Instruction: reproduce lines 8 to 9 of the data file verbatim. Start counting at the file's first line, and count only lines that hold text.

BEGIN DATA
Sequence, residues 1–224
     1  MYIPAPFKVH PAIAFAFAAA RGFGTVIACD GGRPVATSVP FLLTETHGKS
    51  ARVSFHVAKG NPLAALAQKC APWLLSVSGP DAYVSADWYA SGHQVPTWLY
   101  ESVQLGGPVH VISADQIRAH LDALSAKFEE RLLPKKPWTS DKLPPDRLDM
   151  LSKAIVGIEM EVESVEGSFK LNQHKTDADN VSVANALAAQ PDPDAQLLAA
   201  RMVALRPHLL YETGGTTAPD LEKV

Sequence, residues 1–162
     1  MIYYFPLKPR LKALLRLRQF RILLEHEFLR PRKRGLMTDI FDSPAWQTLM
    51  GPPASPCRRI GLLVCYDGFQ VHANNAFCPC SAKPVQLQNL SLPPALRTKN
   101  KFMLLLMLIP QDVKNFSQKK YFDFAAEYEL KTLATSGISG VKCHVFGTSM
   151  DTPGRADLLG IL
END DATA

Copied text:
     1  MIYYFPLKPR LKALLRLRQF RILLEHEFLR PRKRGLMTDI FDSPAWQTLM
    51  GPPASPCRRI GLLVCYDGFQ VHANNAFCPC SAKPVQLQNL SLPPALRTKN